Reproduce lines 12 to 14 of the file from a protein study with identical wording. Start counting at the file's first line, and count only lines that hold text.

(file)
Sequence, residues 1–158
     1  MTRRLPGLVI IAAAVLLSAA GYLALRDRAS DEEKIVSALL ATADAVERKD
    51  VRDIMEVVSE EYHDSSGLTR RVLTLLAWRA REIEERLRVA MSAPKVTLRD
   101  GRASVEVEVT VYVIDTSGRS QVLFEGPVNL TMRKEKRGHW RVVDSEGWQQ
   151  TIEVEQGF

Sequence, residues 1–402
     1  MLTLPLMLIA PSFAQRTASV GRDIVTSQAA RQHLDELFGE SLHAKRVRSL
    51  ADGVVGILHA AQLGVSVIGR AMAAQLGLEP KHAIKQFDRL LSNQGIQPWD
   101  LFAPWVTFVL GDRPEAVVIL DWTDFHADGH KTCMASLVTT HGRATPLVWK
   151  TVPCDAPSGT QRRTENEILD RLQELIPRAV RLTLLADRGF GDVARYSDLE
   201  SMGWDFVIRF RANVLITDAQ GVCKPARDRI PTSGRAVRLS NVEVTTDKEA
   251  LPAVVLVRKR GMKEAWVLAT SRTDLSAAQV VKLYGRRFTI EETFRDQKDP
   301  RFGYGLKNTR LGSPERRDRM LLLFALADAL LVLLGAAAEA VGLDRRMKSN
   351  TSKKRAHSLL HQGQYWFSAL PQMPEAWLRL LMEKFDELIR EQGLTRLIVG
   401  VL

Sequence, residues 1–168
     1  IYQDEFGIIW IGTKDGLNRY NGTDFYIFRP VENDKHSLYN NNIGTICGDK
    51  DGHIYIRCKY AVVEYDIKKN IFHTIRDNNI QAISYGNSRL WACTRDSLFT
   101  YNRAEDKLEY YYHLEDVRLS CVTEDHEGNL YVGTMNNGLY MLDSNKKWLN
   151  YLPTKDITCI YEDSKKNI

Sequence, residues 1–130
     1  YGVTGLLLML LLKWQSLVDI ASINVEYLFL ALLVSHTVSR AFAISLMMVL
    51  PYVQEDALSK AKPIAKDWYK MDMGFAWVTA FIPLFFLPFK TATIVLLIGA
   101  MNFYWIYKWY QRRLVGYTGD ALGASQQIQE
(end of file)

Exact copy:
   251  LPAVVLVRKR GMKEAWVLAT SRTDLSAAQV VKLYGRRFTI EETFRDQKDP
   301  RFGYGLKNTR LGSPERRDRM LLLFALADAL LVLLGAAAEA VGLDRRMKSN
   351  TSKKRAHSLL HQGQYWFSAL PQMPEAWLRL LMEKFDELIR EQGLTRLIVG